Fish Physiology and Biochemistry

, Volume 35, Issue 3, pp 377–384 | Cite as

Effects of the estrogen mimic genistein as a dietary component on sex differentiation and ethoxyresorufin-O-deethylase (EROD) activity in channel catfish (Ictalurus punctatus)

  • C. C. Green
  • A. M. Kelly


A number of aquaculture species, including channel catfish Ictalurus punctatus, are fed high proportions of soybean meal in their diet. We have investigated the potential for the most common phytoestrogen in soybean meal to alter phenotypic sex during sexual differentiation in channel catfish. Channel catfish were fed four dietary concentrations of the phytoestrogen genistein (0, 2, 4, and 8 mg g−1) to determine its effect on gonadal sex differentiation. The four treatment diets were fed to sexually undifferentiated channel catfish between 5 and 140 days post hatch (dph) and between 60 and 150 dph. Phenotypic sex was determined by histological examination of the gonads. Ethoxyresorufin-O-deethylase activity was not significantly different among the treatment and control groups. Phenotypic sex was significantly dependant on dietary phytoestrogen concentration (P = 0.01). Additionally, logistic regression showed a significant relation between genistein concentration in the diet and gonadal sex (P = 0.02). Intersex individuals were present at all treatment concentrations, with increasing proportions of intersex fish as the genistein concentration increased for individuals fed treated diets between 5 and 140 dph. Increased proportions of phenotypically male individuals resulted from chronic dietary exposure to the estrogen mimic genistein. There were no significant differences in the proportions of males and females between feed treatment durations. These findings establish that dietary concentrations of genistein can alter sex ratios in cultured channel catfish populations and demonstrates the need to further understand the actions of this and other prominent phytoestrogens in aquaculture species.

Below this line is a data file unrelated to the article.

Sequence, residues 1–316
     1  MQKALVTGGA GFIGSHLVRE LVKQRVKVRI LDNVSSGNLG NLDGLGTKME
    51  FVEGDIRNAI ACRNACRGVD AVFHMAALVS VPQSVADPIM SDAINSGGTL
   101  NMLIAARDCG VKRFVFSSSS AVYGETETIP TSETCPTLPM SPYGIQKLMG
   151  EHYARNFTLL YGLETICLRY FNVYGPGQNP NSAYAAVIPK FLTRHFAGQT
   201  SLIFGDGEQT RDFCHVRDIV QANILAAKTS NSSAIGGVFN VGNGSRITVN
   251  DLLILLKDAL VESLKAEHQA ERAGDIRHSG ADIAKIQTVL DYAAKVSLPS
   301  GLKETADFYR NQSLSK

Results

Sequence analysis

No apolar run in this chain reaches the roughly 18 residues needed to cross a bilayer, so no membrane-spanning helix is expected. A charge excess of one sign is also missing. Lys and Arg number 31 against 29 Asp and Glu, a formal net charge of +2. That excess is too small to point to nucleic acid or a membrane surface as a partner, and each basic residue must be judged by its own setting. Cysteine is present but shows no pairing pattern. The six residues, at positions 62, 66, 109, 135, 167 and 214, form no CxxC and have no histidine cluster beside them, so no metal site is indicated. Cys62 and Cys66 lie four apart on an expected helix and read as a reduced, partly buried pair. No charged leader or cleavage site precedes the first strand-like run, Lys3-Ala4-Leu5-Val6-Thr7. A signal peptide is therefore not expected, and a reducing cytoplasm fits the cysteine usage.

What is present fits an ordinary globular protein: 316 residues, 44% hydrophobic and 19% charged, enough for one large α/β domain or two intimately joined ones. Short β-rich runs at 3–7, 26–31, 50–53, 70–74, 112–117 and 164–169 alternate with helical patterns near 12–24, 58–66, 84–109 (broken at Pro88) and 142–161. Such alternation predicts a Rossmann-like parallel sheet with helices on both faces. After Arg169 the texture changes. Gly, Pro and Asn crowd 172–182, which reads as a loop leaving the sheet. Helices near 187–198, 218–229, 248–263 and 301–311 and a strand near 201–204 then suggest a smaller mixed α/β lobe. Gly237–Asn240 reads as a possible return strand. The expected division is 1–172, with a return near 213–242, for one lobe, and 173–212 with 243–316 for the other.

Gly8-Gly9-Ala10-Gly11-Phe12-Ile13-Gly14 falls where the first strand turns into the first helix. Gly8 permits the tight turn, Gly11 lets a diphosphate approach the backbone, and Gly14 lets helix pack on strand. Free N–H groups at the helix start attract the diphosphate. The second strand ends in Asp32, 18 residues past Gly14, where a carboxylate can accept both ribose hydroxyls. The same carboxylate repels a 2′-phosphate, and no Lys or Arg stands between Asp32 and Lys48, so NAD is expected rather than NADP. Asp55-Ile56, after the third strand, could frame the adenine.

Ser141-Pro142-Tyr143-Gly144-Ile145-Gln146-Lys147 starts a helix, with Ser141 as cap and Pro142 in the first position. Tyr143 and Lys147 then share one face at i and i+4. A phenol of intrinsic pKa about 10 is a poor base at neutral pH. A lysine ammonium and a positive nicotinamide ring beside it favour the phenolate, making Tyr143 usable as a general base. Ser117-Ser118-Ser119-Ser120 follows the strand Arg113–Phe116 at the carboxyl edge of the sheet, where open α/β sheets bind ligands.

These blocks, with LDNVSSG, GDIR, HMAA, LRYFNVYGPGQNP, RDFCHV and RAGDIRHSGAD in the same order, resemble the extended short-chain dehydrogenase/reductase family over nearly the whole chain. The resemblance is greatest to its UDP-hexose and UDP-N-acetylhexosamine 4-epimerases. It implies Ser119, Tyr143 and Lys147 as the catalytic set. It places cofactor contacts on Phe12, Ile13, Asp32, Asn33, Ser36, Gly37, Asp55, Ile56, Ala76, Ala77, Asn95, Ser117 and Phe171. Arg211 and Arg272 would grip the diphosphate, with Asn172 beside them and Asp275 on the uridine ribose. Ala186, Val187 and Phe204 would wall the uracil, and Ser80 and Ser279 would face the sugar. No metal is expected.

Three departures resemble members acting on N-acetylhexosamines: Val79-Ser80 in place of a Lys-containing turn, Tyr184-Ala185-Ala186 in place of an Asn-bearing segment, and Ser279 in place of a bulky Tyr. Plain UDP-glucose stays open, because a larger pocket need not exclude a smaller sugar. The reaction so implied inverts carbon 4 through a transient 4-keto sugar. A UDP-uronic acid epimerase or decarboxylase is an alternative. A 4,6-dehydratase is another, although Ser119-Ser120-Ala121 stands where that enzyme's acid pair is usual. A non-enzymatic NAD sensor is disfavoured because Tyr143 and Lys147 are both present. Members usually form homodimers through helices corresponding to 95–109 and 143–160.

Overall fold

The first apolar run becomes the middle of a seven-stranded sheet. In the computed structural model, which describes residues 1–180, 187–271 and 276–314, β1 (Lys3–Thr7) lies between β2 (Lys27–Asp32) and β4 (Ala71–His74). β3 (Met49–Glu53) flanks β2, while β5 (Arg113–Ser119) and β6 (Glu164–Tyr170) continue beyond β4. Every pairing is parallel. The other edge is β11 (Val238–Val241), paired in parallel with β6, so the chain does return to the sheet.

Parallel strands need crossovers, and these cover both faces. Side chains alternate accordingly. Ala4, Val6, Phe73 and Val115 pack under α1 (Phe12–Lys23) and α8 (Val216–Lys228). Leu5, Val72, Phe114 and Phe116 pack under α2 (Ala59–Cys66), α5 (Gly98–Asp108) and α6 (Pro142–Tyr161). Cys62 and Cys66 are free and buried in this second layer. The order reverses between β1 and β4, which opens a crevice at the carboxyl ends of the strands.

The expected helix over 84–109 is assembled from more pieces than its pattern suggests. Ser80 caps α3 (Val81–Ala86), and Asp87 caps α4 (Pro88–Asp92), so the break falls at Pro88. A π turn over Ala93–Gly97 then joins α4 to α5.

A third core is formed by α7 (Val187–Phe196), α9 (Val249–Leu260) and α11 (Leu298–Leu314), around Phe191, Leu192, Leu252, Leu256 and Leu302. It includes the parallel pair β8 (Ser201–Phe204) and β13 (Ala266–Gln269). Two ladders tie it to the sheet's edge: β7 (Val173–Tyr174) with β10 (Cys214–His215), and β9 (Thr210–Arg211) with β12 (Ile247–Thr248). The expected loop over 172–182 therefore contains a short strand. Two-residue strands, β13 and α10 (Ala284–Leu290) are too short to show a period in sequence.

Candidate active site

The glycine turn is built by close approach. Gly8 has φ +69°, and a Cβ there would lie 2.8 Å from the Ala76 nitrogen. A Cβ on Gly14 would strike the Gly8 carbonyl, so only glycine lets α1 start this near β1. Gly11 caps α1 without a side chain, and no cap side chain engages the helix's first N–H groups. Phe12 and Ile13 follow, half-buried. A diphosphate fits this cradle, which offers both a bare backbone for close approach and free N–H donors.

Aromatase Endocrine disruption Intersex Phytoestrogens Soybean meal 



This article is based, in part, upon research conducted by the senior author for the Doctor of Philosophy degree in the Department of Zoology, Fisheries and Illinois Aquaculture Center, Southern Illinois University Carbondale, Carbondale, Illinois. Funding was provided by grant #2-02149 from The Office of Research and Development Administration at Southern Illinois University Carbondale with additional funding provided by the Department of Zoology and the Fisheries and Illinois Aquaculture Center, Southern Illinois University Carbondale.


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Copyright information

© Springer Science+Business Media B.V. 2008

Authors and Affiliations

  1. 1.Department of Zoology, Fisheries and Illinois Aquaculture CenterSouthern Illinois UniversityCarbondaleUSA
  2. 2.Aquaculture Research StationLouisiana State University Agricultural CenterBaton RougeUSA
  3. 3.Cooperative Extension Program, Aquaculture and Fisheries CenterUniversity of Arkansas at Pine BluffLonokeUSA

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